The must read stories and debate in the NHS
- Today’s must know: NHS pay rises will be ‘linked to productivity’, says Jeremy Hunt
- Today’s talking point: CCG leaders admit struggle to balance day job with STP roles
- Today’s risk: CQC – Trusts drop ratings amid ‘precarious’ care quality
- Today’s inspiration: Opening the door to boardroom diversity
As if choreographed, hours after health secretary Jeremy Hunt opened a can of worms over the funding of an NHS pay increase in Commons health questions on Tuesday morning, the chief executives of NHS England and NHS Improvement appeared for a two-and-a-half-hour question session with the Commons health committee.
Thus far the row over health funding ahead of the November budget has been fairly civilised – the sector perhaps a bit burned by its clashes so far with the May/Hammond administration and choosing to focus mostly on capital funding.
As HSJ has written, though, the question of day to day spending could never be avoided in this autumn’s budget as, without diversion from the current plan, the NHS hurtles towards the bottom of a funding U-bend in which it would receive a cut in per head of population funding in real terms. Even less now the pay cap is off, as Mr Hunt confirmed in Parliament.
Helen Jones, Warrington North MP, asked Mr Hunt whether a rise would be funded by cuts in services. He responded: “That is something I can’t answer right now because the latitude the chancellor has given me in negotiating future pay rises is partly linked to productivity improvements that we will negotiate at the same time. The fact is we do have that flexibility and I hope we can get a win-win.”
That is a very long way short of a “no” – leaving the door wide open for the NHS to, indeed, be required to fund a pay rise with further cuts to services.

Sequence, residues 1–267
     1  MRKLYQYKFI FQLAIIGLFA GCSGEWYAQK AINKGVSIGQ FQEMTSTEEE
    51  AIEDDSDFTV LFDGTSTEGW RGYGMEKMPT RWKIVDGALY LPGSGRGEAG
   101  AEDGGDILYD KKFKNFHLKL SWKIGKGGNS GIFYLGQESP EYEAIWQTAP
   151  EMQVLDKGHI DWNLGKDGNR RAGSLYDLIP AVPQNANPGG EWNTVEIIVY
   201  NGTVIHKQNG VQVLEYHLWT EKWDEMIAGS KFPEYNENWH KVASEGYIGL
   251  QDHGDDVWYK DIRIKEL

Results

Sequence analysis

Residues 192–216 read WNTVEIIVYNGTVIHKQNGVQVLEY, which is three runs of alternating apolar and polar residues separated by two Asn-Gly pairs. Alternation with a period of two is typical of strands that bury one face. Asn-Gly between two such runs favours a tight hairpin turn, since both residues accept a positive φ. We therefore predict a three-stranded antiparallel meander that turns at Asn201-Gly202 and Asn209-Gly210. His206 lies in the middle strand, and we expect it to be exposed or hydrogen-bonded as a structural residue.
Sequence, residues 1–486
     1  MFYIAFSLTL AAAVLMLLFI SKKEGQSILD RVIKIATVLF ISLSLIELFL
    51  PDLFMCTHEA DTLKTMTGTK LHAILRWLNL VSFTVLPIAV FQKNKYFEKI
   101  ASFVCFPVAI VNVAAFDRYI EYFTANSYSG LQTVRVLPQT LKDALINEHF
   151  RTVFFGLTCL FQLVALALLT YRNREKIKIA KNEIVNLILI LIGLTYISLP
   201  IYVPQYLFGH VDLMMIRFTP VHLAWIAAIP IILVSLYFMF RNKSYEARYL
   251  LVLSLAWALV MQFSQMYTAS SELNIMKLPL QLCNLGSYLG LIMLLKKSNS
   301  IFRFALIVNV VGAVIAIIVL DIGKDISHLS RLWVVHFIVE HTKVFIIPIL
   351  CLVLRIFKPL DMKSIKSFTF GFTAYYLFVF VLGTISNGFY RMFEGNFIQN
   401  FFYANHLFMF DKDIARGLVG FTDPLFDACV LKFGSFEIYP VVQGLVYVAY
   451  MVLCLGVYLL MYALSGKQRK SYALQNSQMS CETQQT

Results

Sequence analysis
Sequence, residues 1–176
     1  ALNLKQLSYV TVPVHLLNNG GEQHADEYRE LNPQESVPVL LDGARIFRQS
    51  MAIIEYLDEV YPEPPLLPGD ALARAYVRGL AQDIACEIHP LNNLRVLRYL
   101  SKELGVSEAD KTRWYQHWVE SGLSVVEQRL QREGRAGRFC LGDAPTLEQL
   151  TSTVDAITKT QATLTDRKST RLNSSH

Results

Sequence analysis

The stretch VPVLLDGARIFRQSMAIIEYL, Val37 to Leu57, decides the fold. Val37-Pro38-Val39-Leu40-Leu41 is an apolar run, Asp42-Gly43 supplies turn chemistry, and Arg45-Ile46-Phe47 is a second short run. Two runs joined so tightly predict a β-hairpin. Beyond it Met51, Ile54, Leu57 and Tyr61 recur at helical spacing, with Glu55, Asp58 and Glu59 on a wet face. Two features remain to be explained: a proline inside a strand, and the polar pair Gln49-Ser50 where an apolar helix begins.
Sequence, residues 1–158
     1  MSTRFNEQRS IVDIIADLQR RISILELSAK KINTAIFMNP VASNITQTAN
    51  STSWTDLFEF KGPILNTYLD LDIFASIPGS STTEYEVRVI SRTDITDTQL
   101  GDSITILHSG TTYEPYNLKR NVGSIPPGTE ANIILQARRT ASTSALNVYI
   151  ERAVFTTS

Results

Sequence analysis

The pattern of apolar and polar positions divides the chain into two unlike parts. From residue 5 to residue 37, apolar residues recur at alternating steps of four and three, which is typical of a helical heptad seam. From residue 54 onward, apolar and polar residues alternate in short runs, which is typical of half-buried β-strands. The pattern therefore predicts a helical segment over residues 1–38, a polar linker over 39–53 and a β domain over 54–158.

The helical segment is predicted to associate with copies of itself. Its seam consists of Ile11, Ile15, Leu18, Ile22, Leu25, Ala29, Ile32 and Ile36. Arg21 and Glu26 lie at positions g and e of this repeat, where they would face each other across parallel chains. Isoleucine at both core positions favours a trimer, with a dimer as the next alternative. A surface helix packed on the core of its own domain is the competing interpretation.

Fast forward to this afternoon and Simon Stevens and Jim Mackey were both very clear this could not happen.
Mr Mackey said it “needs to be funded; it’s very hard to imagine how that could be internally financed”. Mr Stevens said similarly: “That does need to be funded.”
Turning to the broader picture, SS said: “Looking forward to the pencilled in funding for the next year and year after. It looks extremely challenging”. If there was no change, it would be “very hard” for the NHS to meet the asks upon it, he said.
The NHS England chief exec added: “We’re spending £23bn a year less on the NHS than if we were spending at Franco-German levels – and there are consequences of that.”
In one of several mentions for HSJ, Mr Stevens was asked about our revelations about the capped expenditure process earlier this year, and the consequences of ongoing funding constraint. The CEP was a result of the NHS trying to live within its voted resources, was his basic message – so it was up to Parliament (rather, the government) to find some more.
And with reference to the autumn budget: “Decisions taken on 22 November will determine the shape of the NHS next year and the year after.”
One victim of funding constraints in the worst hit areas has been mental health funding. Mr Stevens acknowledged, in an exchange with MP and mental health champion Luciana Berger, that some CCGs in a very tight spot were not going to be increasing their mental health spending as a share of their total – that is, as many in the sector thought they were required to do.